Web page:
Thor: Love and Thunder is overly comedic, so much so that some Marvel fans do not like Taika Waititi’s latest adventure. But the film does tackle various serious issues, albeit from mostly humorous angles. We’re looking at love, cancer, and religion. The latter is a significant element of the movie, and it could be polarizing. But Marvel’s latest superhero movie highlights a big plot hole involving religion that some people say might ruin the MCU down the road when it comes to the afterlife.
Before we can explain, you should know that big spoilers follow below, especially from Love and Thunder. You’d better see Thor 4 before reading any further.
Marvel’s religion plot hole isn’t what you might think
Love and Thunder delivers one of the most unexpected and brutal openings for an MCU adventure in recent history. We see Gorr the God Butcher (Christian Bale) losing his daughter despite begging his god to save her. When he ultimately meets said god, Gorr denounces his religion and proceeds to kill the god he once worshiped.
That idea alone might be seen as dangerous by various churches and religious groups in our society. Shave a few hundred years from humanity’s history, and you might find churches ready to accuse one of heresy for denouncing God. But challenging real-life religion isn’t Marvel’s big MCU plot hole.
Gorr then went on a god-killing rampage that Marvel chose not to include in the film’s final cut. But plenty of gods died all over the universe. We later see that all the gods have met at the Council of the Godheads in Omnipotence City, with Zeus (Russell Crowe) presiding over the meeting. That’s where we see plenty of gods that people from Earth and other planets might have prayed to — or still serve.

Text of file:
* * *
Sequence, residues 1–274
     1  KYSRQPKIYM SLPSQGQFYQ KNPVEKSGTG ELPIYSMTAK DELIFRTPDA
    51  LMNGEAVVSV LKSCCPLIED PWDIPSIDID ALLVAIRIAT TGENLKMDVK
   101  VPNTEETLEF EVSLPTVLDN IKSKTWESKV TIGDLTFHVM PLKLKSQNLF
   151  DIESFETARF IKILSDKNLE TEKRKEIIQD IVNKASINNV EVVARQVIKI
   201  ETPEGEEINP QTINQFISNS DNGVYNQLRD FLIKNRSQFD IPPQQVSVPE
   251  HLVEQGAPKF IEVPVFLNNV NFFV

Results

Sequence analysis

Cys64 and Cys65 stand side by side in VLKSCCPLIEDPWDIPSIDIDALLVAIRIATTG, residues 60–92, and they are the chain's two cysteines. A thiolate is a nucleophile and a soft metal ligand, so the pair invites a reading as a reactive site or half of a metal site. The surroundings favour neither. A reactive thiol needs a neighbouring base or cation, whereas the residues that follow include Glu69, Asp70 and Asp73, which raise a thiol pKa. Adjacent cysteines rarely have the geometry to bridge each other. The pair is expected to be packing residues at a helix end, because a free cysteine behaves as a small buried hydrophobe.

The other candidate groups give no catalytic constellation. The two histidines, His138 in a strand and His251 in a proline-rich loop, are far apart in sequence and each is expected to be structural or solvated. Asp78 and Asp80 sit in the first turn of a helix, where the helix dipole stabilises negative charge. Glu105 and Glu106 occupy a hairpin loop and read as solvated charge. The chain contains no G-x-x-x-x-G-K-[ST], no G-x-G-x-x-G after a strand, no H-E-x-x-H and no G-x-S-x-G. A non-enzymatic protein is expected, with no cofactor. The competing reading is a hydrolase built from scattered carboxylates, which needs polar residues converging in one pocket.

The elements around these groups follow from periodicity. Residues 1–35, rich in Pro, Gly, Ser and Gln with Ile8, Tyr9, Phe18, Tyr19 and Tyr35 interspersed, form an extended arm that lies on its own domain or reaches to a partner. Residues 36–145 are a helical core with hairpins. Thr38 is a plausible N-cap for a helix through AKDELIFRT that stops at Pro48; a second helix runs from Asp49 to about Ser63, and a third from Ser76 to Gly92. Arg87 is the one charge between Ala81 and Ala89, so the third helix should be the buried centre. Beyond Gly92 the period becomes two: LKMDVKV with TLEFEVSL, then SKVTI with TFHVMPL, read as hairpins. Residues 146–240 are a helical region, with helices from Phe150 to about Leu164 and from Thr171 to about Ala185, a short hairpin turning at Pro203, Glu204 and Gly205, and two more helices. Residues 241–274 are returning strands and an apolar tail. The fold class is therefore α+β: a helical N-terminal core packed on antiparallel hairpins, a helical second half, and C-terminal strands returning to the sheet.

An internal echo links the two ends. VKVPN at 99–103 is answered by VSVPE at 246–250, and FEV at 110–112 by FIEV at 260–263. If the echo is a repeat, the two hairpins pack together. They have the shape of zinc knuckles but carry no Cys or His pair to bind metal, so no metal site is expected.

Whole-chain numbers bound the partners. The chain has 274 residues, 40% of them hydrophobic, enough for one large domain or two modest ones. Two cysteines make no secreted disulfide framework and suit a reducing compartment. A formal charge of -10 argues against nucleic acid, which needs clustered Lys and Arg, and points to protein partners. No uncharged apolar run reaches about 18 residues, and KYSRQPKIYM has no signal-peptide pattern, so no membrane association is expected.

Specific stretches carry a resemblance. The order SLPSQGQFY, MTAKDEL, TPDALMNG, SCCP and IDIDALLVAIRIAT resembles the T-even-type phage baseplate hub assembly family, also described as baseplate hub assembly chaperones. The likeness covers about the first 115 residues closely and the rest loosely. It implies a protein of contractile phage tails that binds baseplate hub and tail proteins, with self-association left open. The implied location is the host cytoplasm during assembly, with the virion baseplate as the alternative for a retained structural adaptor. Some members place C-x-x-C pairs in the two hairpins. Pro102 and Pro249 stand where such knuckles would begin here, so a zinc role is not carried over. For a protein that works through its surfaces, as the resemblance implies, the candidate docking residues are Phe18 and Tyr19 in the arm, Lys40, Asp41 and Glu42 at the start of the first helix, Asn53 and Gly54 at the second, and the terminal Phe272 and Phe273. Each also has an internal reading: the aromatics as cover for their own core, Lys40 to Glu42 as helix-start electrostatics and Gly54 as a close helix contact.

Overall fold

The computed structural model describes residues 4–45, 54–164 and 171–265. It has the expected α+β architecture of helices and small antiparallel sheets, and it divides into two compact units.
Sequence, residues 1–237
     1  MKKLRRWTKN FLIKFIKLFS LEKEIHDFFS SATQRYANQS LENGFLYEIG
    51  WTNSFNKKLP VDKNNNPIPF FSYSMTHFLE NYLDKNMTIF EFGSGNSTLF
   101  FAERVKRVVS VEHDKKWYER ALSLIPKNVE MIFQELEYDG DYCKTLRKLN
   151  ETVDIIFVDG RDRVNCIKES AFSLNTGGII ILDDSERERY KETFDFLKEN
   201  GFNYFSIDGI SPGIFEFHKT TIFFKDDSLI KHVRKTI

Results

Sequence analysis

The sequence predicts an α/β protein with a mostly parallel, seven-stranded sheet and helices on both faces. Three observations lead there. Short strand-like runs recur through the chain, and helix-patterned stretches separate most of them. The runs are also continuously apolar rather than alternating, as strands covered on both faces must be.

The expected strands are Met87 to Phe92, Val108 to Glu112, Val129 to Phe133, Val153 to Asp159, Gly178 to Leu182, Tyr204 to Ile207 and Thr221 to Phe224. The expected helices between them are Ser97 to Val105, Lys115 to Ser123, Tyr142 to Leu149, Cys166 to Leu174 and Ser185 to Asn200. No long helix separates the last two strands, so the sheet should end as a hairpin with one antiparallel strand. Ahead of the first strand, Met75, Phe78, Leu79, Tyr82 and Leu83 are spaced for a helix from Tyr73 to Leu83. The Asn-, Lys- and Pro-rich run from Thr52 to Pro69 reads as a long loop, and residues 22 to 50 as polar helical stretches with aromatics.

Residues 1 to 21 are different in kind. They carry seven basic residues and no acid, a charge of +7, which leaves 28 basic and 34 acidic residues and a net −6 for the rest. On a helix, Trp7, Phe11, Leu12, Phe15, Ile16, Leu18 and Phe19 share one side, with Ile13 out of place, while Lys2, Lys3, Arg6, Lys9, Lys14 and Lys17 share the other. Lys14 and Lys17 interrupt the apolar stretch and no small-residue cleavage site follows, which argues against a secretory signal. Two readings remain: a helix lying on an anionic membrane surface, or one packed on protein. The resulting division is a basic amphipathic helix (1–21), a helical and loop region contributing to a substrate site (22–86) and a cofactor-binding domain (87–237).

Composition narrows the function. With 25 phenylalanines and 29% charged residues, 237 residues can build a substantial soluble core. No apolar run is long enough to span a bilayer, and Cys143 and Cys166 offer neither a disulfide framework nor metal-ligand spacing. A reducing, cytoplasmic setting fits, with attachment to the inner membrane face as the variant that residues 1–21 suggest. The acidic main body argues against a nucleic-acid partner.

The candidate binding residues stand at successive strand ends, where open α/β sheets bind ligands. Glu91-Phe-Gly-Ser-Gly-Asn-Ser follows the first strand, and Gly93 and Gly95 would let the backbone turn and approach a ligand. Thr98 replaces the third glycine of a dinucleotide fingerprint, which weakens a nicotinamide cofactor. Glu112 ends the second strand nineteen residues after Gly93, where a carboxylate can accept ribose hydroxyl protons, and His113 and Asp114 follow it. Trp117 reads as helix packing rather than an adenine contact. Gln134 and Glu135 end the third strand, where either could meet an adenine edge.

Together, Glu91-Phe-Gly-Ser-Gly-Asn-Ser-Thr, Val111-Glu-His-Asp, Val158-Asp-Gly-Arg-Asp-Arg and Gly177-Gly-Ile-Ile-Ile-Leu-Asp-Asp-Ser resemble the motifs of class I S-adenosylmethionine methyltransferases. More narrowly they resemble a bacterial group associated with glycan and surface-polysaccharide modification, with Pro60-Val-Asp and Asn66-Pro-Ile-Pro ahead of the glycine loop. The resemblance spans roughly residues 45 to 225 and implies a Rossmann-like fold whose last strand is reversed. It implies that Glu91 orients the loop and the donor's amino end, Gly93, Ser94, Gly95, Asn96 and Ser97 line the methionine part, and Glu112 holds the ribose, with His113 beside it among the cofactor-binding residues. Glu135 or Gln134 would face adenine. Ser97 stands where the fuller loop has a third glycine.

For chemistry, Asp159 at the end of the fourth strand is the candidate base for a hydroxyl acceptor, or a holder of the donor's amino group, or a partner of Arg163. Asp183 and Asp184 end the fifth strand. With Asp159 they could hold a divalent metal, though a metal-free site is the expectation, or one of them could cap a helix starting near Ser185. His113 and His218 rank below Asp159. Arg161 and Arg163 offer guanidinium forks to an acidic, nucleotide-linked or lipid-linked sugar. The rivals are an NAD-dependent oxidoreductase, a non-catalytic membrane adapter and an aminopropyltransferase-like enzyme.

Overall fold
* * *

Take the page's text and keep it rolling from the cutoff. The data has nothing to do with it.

This opens up the idea that there’s no right or wrong religion, and people are free to serve any god they might choose.
But Marvel is one step away from having to explain how the one God and Jesus would fit into this pantheon of gods. If Thor (Chris Hemsworth) and Hercules (Brett Goldstein) exist in the MCU, is Jesus also a superhero? Believe it or not, this isn’t Marvel’s biggest MCU religion and afterlife plot hole either.
Love and Thunder exacerbates a problem that has something to do with the afterlife in Marvel’s MCU. And the prospect of resurrection.
Afterlife in the MCU is a big problem
Love and Thunder offers two different life-after-death developments. First, Gorr asks Eternity to resurrect his daughter, Love. We still don’t fully understand how this is possible. And we have yet to learn how big a “god” Eternity might be.
Secondly, the film shows Jane (Natalie Portman) dying and going to Valhalla, where Heimdall (Idris Elba) meets her. This life-after-death world features many souls who have fallen in battle. It’s strange to see Jane get to Valhalla, as she’s not technically an Asgardian. Also, she might have believed in a different god before she died.